The pandemic has triggered rapid adoption of cashless payments and digital transactions by consumers and merchants as well. In a survey conducted by PayPal in August, 70% of small business respondents said that they are ready to invest in new technology to expand digital payments, with 73% of respondents indicating that digital payments are the “new normal.”
Rising e-commerce sales are benefiting payment processing companies like PayPal, Square, Mastercard and Visa. However, a plunge in travel and entertainment spending due to COVID-19 is hurting Mastercard and Visa. Bearing these trends in mind, we used the TipRanks Stock Comparison tool to see how Visa and Square stack up against each other.
Even amid a challenging macro environment, the total transactions processed by global payments leader Visa increased 2% to $140.8 billion in FY20 (ended Sept. 30). However, the company’s 4Q FY20 and full-year revenue declined due to lower cross-border transactions owing to the pandemic.
Visa’s 4Q revenue declined 17% year-over-year to $5.1 billion due to lower cross-border transactions, partially offset by an increase in processed transactions. Adjusted EPS fell 23% to $1.12 in 4Q. Thanks to the uncertain macro environment, the company did not issue any guidance for FY21. However, it anticipates revenue to decline in the first half of FY21 and rebound significantly in the second half, with the highest growth in the fourth quarter.
Meanwhile, Visa is taking several initiatives to leverage the surging adoption of digital transactions. It is seeing huge growth prospects in B2B, which represents a $120 trillion volume opportunity. On the card-based B2B front, Visa is trying to address the increased interest for digital payments, including virtual cards.
To capture the evolving transaction needs, Visa launched the Tap to Phone payment option in over 15 international markets and plans to roll out the facility in the US in 2021. Tap to Phone enables businesses to accept contactless payments on any NFC (Near Field Communication)-enabled Android device with no requirement for additional hardware.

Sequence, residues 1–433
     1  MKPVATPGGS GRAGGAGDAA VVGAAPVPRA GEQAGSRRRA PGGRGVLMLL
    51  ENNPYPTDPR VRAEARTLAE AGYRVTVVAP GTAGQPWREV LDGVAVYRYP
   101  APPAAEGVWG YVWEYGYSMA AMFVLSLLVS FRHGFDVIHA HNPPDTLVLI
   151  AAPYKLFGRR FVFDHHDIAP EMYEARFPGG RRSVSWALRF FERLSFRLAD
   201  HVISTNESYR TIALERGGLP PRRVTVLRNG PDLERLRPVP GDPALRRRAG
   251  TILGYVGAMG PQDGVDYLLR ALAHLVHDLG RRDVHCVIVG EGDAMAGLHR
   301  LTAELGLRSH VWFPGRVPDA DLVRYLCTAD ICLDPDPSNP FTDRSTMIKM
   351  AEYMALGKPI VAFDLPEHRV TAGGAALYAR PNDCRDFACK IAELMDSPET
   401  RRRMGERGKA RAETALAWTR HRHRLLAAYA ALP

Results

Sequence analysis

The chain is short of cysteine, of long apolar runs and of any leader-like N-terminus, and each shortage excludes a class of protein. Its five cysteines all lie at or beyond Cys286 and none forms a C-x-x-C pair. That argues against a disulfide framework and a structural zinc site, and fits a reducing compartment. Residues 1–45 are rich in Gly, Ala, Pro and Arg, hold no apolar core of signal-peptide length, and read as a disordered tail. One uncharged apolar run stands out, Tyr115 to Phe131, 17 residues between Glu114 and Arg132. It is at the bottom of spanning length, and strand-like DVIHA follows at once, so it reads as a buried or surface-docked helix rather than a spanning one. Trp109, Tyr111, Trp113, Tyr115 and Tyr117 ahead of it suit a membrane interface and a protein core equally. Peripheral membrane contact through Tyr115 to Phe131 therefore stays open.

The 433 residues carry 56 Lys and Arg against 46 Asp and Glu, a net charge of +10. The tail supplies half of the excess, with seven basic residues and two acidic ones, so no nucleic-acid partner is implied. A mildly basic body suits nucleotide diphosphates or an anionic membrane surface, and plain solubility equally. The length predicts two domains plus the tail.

Recently, Visa acquired YellowPepper, a fintech with proprietary technology and partnerships supporting leading financial institutions and startups in Latin America and the Caribbean. The company believes that this acquisition accelerates the adoption of its ‘network of networks’ strategy, to become a single point of access for initiating multiple transaction types and ensuring the secure movement of money. (See V stock analysis on TipRanks)
Meanwhile, Visa’s planned acquisition of fintech Plaid (announced in January 2020) ran into trouble as the DOJ filed a lawsuit against the company due to antitrust concerns. In a statement Visa said, “Visa strongly disagrees with the Department of Justice (DOJ), whose attempt to block Visa’s acquisition of Plaid is legally flawed and contradicted by the facts.”
Last month, Wells Fargo analyst Donald Fandetti lowered his price target on Visa to $210 from $230 but maintained a Buy rating. The analyst highlighted the “solid” quarter given the current environment, but noted that the results were a reminder that networks face earnings risk as cross-border travel is still down significantly. Fandetti expects some volatility as COVID-19 cases increase, but believes that Visa’s long-term growth story remains intact and stated that he is a buyer through the weakness in Visa shares.
With shares rising 11.6% year-to-date, the average price target of $222.88 implies an upside potential of 6.3% in the months ahead. Visa scores a Strong Buy analyst consensus that breaks down into 15 Buys and 4 Holds.